Carnegie Corporation Gives $3.15 Million to Prevent Nuclear Proliferation, Secure Vulnerable Fissile Material

Grantees in this story

Japan crisis highlights need to re-think energy as part of broader safety measures.

Carnegie Corporation of New York today announced eight nuclear security grants totaling $3.15 million with a special focus on mitigating  nuclear  threats associated with the expansion of nuclear power and the proliferation of fissile materials—plutonium or highly enriched uranium—needed by a nation or terrorist group to make a nuclear weapon.  The grants are awarded to organizations engaged in policy analysis, research and efforts to advance education and public understanding. 

“It is our hope to reduce the very real and present dangers posed by the global arsenals of nuclear weapons and the potential misuse of material and know-how involved with the growth of nuclear power,” said Vartan Gregorian, President of Carnegie Corporation of New York.  “The magnitude of Japan’s nuclear crisis has only increased our need to better understand the full spectrum of dangers in the nuclear realm and to support efforts to devise the most effective responses.” 

“A number of important measures have recently been implemented to help prevent nuclear proliferation and to secure vulnerable nuclear material,” said Stephen Del Rosso, Program Director, International Peace and Security at Carnegie Corporation.  “But in light of the recent tragic events in Japan, the issue of nuclear safety must be given greater attention in efforts to strengthen and reform the current nuclear regime.  What was already a daunting challenge has become even more complex and urgent, and will require an investment to strengthen and sustain nuclear security expertise in the U.S. and abroad.”   

The eight grants were awarded as part of the Corporation’s nuclear security program, which has invested $50 million since 1999 to help control and eventually eliminate weapons of mass destruction.  The program’s grantmaking priorities include halting proliferation to new states, addressing key regional proliferation challenges, reducing existing arsenals, preventing terrorists from acquiring nuclear weapons and strengthening the treaties and laws that govern nuclear activity. 

Eight nonprofit organizations were awarded new or continuing support under this program:

* Henry L. Stimson Center received a $550,000 grant  for a multi-part project to address current and emerging security threats by transforming the relationship between “hard” security obligations related to nonproliferation and “soft” human security issues; support UN and regional organizations promoting peace in post-conflict societies; and support for a forum to educate Congressional staffers on foreign policy issues.

* Harvard University received a $550,000 grant for its “Managing the Atom” project which aims to strengthen nuclear stability by ensuring that civilian nuclear expansion in China—the fastest growing nuclear producer—will not undermine the nonproliferation regime or lead to increased nuclear terrorism.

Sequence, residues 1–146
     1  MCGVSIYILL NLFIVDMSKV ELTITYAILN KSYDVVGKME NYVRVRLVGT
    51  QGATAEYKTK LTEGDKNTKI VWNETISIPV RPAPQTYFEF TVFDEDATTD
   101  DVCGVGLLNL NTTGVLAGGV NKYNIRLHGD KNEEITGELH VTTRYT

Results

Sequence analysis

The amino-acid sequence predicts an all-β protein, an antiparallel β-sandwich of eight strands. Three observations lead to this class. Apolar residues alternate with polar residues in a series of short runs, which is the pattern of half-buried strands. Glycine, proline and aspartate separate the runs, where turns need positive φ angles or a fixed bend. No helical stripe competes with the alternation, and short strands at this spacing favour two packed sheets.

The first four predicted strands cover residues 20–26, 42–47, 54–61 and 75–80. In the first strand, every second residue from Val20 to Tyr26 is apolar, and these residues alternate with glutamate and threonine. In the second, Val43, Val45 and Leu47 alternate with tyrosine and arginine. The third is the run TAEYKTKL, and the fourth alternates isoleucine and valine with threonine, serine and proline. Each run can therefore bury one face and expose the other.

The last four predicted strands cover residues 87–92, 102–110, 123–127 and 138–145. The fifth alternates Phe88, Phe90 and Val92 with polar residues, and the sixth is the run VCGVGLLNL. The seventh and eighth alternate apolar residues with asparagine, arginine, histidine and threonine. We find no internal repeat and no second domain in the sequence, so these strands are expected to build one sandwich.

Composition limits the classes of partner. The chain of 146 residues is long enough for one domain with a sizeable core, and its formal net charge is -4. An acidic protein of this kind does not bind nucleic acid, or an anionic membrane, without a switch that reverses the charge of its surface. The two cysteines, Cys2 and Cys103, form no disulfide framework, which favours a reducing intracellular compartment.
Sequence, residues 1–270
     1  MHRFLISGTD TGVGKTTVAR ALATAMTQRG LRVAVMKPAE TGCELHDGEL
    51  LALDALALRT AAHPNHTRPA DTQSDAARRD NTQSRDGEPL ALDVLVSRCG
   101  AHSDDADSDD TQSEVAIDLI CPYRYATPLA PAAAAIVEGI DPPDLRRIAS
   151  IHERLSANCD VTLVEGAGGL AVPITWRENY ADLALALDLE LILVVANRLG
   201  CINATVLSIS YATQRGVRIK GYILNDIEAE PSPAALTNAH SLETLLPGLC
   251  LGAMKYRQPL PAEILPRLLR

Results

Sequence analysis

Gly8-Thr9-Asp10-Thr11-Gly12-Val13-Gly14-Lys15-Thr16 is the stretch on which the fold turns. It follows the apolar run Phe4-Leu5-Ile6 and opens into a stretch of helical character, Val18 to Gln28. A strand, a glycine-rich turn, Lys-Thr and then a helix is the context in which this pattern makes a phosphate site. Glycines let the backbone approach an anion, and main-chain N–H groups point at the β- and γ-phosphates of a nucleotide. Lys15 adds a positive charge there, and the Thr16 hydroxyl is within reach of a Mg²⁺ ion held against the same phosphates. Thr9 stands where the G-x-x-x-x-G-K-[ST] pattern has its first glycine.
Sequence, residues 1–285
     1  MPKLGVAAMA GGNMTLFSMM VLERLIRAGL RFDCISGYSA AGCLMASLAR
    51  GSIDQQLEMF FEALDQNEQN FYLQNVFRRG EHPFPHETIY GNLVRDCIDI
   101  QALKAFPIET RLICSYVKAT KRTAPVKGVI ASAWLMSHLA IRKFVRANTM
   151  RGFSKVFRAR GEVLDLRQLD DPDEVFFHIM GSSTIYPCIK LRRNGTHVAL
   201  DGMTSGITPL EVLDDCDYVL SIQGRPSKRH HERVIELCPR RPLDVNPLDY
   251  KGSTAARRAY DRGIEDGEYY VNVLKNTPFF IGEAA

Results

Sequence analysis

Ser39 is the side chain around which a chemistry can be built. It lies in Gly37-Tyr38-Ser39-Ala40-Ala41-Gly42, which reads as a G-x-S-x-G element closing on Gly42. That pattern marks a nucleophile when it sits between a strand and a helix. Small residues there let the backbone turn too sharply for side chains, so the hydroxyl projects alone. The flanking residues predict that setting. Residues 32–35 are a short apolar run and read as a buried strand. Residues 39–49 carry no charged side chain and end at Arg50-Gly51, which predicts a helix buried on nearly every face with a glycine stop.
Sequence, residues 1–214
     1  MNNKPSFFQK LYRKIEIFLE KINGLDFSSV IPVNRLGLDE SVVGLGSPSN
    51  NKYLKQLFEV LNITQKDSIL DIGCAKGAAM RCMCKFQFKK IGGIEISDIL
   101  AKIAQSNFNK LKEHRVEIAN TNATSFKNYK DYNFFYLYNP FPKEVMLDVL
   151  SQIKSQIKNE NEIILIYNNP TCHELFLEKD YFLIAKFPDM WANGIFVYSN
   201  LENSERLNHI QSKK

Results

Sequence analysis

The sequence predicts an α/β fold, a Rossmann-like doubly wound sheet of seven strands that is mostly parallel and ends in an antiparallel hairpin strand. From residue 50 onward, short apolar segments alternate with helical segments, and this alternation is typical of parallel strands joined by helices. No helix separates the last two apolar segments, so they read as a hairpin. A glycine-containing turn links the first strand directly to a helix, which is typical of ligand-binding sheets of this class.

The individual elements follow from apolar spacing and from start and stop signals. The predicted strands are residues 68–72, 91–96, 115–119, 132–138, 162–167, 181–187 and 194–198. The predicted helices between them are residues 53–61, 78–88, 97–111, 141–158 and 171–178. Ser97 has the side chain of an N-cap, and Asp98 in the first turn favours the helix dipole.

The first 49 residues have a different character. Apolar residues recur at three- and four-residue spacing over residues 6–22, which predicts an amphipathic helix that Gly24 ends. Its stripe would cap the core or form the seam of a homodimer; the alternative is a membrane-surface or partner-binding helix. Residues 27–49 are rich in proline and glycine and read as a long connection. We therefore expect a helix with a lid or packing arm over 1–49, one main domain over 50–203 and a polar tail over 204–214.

* The Partnership for Global Security received a $500,000 grant for a project to deepen international cooperation and build a more comprehensive approach to securing weapons-usable materials from terrorists in advance of the second Nuclear Security Summit to be hosted by Korea in 2012.

* The Carnegie Endowment for International Peace received a $400,000 grant to support a series of projects to revitalize efforts to limit the spread of nuclear weapons capability, increase understanding and transparency of the International Atomic Energy Agency’s operations and examine the implications of China’s nuclear energy plans for the nonproliferation regime.

* The Institute for International Studies received a $400,000 grant for a three-part project by the Nonproliferation Education Center to keep nuclear energy peaceful and nuclear arsenals secure, involving: a major reevaluation of the security risks associated with the spread of nuclear power; an historical analysis of how states sought to protect weapons-related assets against theft or seizure during political crises; and an expansion of the Washington Nuclear Seminar Series, a series of off-the-record policy meetings.

* The Partnership for a Secure America received a $400,000 grant for a project to help strengthen the expertise of U.S. Congressional staffers on international peace and security issues by creating opportunities for these young professionals to develop strong working relationship in order to break down partisan barriers.

* The Center for Media and Security received a $300,000 grant to convene forums for journalists on international security issues.  In-depth, far-reaching and on-the-record media briefings improve the public’s understanding of defense and international security issues.

* The National Academy of Sciences received a $200,000 grant for expanding engagement between American scientists and their counterparts in Iran, including between rising young stars in both countries, to encourage the two governments to build on scientific exchanges undertaken by other nongovernment organizations.

Since its founding by Andrew Carnegie 100 years ago, Carnegie Corporation of New York has worked to achieve a more secure, peaceful and prosperous world through the advancement and diffusion of knowledge and understanding. In addition to the Corporation’s program to meet global security challenges through nonproliferation, reduction and eventual elimination of nuclear weapons, Carnegie Corporation’s International Program also supports efforts to improve approaches to states at risk of instability or collapse, and enhancing U.S. relations with pivotal powers.